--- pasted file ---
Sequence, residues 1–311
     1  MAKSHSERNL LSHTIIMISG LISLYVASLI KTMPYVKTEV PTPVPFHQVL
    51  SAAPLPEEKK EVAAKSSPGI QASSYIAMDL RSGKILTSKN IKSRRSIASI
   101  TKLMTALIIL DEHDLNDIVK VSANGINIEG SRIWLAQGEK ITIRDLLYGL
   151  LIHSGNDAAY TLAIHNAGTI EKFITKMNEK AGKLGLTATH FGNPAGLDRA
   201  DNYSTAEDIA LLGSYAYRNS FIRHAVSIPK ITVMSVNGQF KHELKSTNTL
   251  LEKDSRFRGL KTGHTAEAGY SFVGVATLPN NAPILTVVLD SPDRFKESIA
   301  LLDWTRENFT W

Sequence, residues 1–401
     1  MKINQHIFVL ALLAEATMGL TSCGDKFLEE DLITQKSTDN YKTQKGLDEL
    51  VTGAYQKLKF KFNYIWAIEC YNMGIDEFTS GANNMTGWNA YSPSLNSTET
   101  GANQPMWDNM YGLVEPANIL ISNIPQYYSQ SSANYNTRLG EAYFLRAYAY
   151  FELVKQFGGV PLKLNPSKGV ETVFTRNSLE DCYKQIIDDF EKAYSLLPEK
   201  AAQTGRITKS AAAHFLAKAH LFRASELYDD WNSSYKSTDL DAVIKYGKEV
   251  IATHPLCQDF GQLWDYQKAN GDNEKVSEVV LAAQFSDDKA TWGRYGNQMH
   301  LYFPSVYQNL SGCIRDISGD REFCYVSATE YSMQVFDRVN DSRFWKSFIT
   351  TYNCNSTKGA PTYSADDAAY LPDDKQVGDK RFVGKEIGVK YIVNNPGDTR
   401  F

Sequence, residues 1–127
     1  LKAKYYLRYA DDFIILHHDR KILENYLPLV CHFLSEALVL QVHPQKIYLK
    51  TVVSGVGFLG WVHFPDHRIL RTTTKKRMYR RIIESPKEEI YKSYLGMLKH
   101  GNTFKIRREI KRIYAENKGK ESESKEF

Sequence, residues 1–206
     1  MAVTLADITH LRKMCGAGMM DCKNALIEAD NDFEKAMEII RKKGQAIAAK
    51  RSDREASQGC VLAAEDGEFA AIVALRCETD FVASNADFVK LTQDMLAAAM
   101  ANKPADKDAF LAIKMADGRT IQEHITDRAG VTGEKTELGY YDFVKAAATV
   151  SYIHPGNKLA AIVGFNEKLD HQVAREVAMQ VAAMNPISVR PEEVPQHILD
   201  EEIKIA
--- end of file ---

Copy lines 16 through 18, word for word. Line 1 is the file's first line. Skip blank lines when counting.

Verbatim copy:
   301  LYFPSVYQNL SGCIRDISGD REFCYVSATE YSMQVFDRVN DSRFWKSFIT
   351  TYNCNSTKGA PTYSADDAAY LPDDKQVGDK RFVGKEIGVK YIVNNPGDTR
   401  F